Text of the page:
Topography & Climate

Skull Valley is located in the North central part of Arizona, about 100 miles northwest of the State Capitol in Phoenix, and 10 miles west-southwest of Prescott, twice former Territorial Capitol, and now our county seat. The valley elevation at the Skull Valley Store is 4260 feet, with the valley bottom sloping gently to the South. We are surrounded by rolling hills, then higher Mountains.  The elevation goes as high as 7693 feet (Spruce Mountain) to the East; which supports the growth of Ponderosa Pine.

The hills are covered with low­ growing oak and manzanita. Mesquite, cottonwood, and desert willow trees are plentiful on the valley floor, and there are Emory and white oak trees along the creek beds. Pinon and juniper trees grow at higher elevations. Fruit trees do well in Skull Valley, and there are still remnants of old orchards, as well as many newer ones.

Pine and Douglas fir forest. Martin Mountain, to the West, is 6433 feet , and has a somewhat scattered stand of Alligator Junipers on or near the top. The lowest hills are covered with low-growing Turbinella Oak brush, Desert Cenothus, Cat claw, Screwbean, Manzanita and a few patches of Crucifixion thorn. At slightly higher elevations Pinon pine and Utah juniper are found.

Prickly pear and Cholla Cactus abound on drier sites.

The deeper soiled valley bottom supports growths of Mesquite, Wolfberry, Mulberry, Cottonwood, Desert Willow, and occasionally Arizona Ash. Hackberry, Gooding’s Willow. Native Walnut Emory Oak and California Buckthorn trees are found along creek drainages. The Skull Valley Wash carries runoff out of the valley and into Kirkland Creek, which drains into the Santa Maria River, West of Hillside.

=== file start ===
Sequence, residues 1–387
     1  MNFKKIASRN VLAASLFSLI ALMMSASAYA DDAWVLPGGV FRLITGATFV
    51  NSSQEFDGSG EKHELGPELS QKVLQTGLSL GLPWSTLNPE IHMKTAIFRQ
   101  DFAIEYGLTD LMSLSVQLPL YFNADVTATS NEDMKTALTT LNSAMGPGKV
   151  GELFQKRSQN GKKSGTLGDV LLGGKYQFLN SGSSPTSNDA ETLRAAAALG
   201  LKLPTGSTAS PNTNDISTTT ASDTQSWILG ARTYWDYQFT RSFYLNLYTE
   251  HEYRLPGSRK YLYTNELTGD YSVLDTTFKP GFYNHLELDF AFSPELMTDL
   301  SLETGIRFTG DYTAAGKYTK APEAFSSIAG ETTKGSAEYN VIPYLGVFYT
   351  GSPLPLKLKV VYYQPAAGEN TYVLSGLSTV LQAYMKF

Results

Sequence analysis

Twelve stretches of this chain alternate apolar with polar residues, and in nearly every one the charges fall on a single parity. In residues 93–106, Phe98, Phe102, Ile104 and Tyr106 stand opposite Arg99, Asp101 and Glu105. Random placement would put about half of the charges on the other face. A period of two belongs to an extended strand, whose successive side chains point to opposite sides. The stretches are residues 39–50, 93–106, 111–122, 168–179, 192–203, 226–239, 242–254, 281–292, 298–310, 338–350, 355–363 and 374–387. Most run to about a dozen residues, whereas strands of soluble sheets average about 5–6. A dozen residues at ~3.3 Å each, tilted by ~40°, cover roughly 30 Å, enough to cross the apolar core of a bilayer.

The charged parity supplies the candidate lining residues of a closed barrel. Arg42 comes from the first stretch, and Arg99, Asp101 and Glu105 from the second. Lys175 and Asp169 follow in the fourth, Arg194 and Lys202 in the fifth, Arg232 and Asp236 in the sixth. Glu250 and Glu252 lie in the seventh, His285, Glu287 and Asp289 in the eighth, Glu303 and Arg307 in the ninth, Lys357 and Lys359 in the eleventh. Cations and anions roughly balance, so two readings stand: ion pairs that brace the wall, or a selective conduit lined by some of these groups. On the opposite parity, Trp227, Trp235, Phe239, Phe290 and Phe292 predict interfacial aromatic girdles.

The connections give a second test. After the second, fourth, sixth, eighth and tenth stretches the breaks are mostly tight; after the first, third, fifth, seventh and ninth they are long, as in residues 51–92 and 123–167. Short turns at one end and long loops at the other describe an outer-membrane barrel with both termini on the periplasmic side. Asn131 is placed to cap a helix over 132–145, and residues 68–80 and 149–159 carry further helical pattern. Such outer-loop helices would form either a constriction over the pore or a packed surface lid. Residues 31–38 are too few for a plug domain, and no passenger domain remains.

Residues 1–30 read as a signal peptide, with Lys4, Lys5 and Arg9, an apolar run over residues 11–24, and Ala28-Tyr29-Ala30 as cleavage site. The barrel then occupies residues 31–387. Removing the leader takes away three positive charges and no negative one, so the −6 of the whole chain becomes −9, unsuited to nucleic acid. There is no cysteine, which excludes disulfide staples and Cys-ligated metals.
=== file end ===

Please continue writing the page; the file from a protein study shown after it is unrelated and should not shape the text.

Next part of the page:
There was a record flood in September 1983, with quite a bit of property damage. A record Snowfall of 36 inches occurred in December 1961. This is considered a semiarid climate with annual rainfall of 12 to 14 inches. Most winter storms only leave a few inches of snow in the valley bottom that soon melts off. Though rare, there has been snow in May. Heavier rains generally occur during July & August.

Pioneers reported a moister climate in the late 100’s. Temperature extremes run from 5 below to 107 degrees above. May & June can get hot, but it moderates when the rains begin in July. Winter low temperatures seldom go below 5 above zero. Summer temperatures are frequently 95 or above.

Many of the homeowners have planted fruit trees of apple, peach, pear, plum and some cherry and apricot. Some have strawberry and raspberry patches and a few have grape vines. Figs, palm granites and persimmons are marginal here. Average rainfall is 12 inches

Several skiffs of snow are enjoyed during the winter, but rarely do they exceed three or four inches at a time and it does not stay long. Night-time temperatures drop to 20 degrees or lower, but below-zero temperatures are rare. Summertime temperatures average in the 90s, reaching 100 degrees some days.

Vegetable gardens are planted by many. Wells are mostly 150 feet or less in depth in most of the valley. There is said to be a low subsurface volcanic dam across the lower end of this valley that helps retain water in this valley basin. At times there are strong winds and often have a gentle breeze; and the nights cool off nicely in the summer. Spring frosts often get the earlier blooming fruit, apples & Pears in most years are plentiful.

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